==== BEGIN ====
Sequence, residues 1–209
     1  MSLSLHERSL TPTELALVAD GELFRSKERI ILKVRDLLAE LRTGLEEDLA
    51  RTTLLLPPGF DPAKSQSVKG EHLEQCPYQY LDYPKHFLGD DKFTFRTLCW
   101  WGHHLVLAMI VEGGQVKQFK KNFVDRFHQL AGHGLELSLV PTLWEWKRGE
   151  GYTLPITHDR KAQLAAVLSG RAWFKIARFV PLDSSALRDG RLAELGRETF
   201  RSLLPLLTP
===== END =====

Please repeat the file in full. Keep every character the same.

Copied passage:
Sequence, residues 1–209
     1  MSLSLHERSL TPTELALVAD GELFRSKERI ILKVRDLLAE LRTGLEEDLA
    51  RTTLLLPPGF DPAKSQSVKG EHLEQCPYQY LDYPKHFLGD DKFTFRTLCW
   101  WGHHLVLAMI VEGGQVKQFK KNFVDRFHQL AGHGLELSLV PTLWEWKRGE
   151  GYTLPITHDR KAQLAAVLSG RAWFKIARFV PLDSSALRDG RLAELGRETF
   201  RSLLPLLTP